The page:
After her MPhil at Cambridge and her time with Grosvenor, she headed back to the US and established her own urban development company that would also invest in mixed-use school public-private partnerships (PPPs).   Then a friend from Yale who had created a non-profit organisation in Sierra Leone was very badly injured in a car accident. Just before the accident, she had asked Andrea to visit her and try to help the University of Sierra Leone recover from the protracted civil war there. After the accident, Andrea felt a moral obligation to keep that promise.  In 2005, when she visited, she met with the University’s Vice Chancellor, Aiah Gbakima, who badly needed investors to redevelop the university. He was keen for Andrea to do the project and even showed up at her office in the US to encourage her.

“Few students had access to university there and the university buildings had been neglected for decades because of the war. It would have been precocious to think I could just step in and pull it off,” she says.  Then one day Andrea was at an event with the UK’s Foreign Secretary Jack Straw and casually mentioned the project presented to her.  He implored her to give it serious consideration noting that higher education was an area where the US and UK still prevailed over China and other countries trying to gain influence in Africa through other means and by investing in Africa’s higher education system, she could make a profound social and economic impact on the continent. Soon Andrea got a phone call from the British Consulate in New York offering her support if she took Africa on. But, still unconvinced she could manage the risks of developing in Africa, Andrea was already en route to law school to wait out the looming real estate crisis in the US.  Then Gbakima also called her to persuade her to give law school up in favour of their project. “I was three weeks away from starting law school, but the signs were all pointing me to give it up to do these projects in Africa instead.  And, frankly, given the state of the US real estate market in 2007, Africa suddenly didn’t look as risky.”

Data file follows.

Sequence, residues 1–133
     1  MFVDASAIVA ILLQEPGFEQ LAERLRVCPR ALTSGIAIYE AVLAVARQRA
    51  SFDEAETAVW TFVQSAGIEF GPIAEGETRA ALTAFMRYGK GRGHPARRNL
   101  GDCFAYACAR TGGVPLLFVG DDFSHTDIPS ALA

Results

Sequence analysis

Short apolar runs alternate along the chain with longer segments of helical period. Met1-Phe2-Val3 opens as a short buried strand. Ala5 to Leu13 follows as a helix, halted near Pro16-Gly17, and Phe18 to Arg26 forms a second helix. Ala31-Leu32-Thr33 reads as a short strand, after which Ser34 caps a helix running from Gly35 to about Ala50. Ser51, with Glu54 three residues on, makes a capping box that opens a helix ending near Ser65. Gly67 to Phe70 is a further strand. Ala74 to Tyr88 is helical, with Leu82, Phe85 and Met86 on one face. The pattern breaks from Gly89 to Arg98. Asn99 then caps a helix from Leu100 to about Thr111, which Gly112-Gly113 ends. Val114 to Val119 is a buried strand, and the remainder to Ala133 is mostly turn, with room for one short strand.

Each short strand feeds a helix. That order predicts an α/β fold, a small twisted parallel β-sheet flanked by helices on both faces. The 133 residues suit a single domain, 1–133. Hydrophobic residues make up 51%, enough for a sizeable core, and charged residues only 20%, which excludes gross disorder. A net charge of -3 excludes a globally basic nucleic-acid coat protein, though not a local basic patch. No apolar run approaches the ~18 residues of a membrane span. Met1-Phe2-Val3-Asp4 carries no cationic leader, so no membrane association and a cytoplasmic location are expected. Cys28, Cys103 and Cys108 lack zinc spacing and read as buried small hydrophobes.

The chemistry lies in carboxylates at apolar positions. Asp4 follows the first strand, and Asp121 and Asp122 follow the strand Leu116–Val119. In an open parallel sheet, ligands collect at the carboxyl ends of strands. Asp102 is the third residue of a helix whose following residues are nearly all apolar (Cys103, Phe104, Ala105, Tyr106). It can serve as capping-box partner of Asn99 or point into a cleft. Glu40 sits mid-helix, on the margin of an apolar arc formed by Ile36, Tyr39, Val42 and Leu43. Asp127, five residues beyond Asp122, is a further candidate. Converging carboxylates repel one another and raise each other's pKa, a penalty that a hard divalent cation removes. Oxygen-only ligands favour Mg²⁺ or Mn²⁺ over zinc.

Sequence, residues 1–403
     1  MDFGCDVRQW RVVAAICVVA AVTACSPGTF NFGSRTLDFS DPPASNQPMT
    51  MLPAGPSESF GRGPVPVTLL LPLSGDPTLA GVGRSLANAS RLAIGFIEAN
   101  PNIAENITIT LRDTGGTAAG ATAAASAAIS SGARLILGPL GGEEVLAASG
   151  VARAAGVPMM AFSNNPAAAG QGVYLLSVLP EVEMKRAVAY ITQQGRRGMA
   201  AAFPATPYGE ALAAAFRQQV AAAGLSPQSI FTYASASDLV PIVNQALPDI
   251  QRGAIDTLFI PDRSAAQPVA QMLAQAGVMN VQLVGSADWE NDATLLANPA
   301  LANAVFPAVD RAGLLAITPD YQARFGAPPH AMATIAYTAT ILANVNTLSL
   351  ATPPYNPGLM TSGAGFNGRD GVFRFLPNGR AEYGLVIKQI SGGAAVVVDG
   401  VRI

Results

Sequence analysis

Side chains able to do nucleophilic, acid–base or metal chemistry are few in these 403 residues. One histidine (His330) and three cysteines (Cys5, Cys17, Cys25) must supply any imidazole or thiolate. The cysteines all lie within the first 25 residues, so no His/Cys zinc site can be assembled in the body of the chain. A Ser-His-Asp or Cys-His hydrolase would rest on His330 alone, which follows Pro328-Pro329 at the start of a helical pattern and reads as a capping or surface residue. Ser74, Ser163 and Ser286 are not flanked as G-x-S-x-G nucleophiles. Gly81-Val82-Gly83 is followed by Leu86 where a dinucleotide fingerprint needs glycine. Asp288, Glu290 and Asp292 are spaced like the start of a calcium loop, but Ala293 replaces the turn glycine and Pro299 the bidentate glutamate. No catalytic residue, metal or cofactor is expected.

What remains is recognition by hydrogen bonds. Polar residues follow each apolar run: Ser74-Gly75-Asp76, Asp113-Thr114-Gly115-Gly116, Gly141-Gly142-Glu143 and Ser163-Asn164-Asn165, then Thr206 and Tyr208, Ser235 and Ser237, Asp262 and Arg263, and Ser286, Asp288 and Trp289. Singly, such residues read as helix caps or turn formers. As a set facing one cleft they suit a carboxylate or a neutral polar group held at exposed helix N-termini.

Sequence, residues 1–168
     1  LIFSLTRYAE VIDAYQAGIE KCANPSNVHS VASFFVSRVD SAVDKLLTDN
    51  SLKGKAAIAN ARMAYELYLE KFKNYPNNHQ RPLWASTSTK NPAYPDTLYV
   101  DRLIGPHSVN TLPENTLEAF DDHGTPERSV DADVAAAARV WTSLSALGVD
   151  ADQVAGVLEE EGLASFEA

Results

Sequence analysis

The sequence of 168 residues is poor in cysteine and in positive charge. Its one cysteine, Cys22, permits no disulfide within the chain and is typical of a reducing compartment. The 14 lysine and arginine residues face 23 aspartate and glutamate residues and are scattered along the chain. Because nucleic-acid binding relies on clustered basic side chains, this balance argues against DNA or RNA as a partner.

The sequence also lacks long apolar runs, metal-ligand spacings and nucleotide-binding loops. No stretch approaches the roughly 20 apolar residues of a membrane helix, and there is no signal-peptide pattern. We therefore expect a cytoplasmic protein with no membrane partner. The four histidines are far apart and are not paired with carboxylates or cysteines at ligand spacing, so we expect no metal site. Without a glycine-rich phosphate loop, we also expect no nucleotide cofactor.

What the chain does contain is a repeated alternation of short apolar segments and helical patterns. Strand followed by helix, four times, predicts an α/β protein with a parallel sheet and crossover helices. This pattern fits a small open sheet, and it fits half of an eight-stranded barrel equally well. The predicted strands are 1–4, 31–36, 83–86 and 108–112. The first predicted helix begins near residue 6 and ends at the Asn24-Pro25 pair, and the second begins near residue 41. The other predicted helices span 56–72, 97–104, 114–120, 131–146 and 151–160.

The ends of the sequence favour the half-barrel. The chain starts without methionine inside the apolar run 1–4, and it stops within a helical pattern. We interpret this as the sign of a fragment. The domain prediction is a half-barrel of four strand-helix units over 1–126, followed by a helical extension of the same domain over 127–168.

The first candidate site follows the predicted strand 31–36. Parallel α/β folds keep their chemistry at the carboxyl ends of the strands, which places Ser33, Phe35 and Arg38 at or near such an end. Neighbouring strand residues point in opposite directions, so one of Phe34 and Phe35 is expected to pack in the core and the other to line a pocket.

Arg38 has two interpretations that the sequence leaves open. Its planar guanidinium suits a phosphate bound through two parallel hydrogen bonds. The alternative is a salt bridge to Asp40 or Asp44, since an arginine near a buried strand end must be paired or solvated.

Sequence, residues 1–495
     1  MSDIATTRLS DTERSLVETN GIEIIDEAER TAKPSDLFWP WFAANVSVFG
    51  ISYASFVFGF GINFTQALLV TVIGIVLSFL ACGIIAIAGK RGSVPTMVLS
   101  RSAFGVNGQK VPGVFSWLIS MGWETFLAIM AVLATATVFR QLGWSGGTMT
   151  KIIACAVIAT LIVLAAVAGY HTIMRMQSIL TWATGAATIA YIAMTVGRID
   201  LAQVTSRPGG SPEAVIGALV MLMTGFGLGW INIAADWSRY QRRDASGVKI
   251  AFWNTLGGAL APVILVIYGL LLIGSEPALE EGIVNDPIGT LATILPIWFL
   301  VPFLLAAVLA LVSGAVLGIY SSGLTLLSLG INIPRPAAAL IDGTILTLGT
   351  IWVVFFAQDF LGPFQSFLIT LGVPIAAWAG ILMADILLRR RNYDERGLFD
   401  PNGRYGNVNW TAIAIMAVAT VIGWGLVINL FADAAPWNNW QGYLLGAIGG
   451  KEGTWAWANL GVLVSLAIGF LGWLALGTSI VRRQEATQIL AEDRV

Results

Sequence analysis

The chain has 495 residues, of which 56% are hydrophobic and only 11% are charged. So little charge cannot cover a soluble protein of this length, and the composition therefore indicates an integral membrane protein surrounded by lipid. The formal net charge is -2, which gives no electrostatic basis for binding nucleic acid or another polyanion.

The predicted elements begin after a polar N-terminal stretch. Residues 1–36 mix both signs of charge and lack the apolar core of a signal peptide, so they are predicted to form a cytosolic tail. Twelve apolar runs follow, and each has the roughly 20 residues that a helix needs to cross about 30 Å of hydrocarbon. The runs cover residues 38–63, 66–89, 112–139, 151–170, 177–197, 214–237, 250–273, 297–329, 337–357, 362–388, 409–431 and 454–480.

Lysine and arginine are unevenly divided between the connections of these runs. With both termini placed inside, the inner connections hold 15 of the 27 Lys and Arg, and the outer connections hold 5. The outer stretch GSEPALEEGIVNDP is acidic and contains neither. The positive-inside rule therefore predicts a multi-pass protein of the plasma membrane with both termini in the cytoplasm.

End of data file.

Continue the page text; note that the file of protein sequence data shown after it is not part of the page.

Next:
Thus began Africa Integras, the private investment company Andrea now manages through her development company, The Christie Company, in partnership with two multinational companies, Broll Facilities Management and AECOM.  The idea is that they invest in university PPPs to build not only classrooms and dormitories but also the commercial facilities universities need to create a high quality of life for their students. Whatever is built is eventually given back to the universities to create their own endowments tostrengthen their operations.   Africa Integras was launched with an early backing by a group of investors including Lord Joel Joffe, Nelson Mandela’s former lawyer, and Credit Suisse.  In 2009, Tony Blair’s Africa Governance Initiative contacted  Andrea to recruit Africa Integras to Rwanda. President Kagame was aggressively reforming his country but over the 50 years up to the genocide, Rwanda had only graduated around 2,000 students total. “Rwanda’s significant needs and scarce resources make PPPs a very viable solution,” she explains.

Andrea has learnt a lot of lessons in the last few years. Now she looks not just at the needs and demand for education but also each country’s capacity for successfully closing PPP investments. “Even if your team can deliver, you can’t advance unless the government or university has the ability to deliver as well.  It’s very much a partnership,” she says. Africa Integras has now expanded its interests to other countries with more universities approaching them every month. Andrea says she cannot imagine another career with the same social impact.  “We have a pipeline to construct facilities for 20,000 more university seats. This will yield more than 150,000 university graduates in the next 30 years. That’s a game changer for these countries’ long-term economic development.  It’s hard to imagine making a bigger impact doing anything else.  It really encapsulates the Gates idea of thinking big.”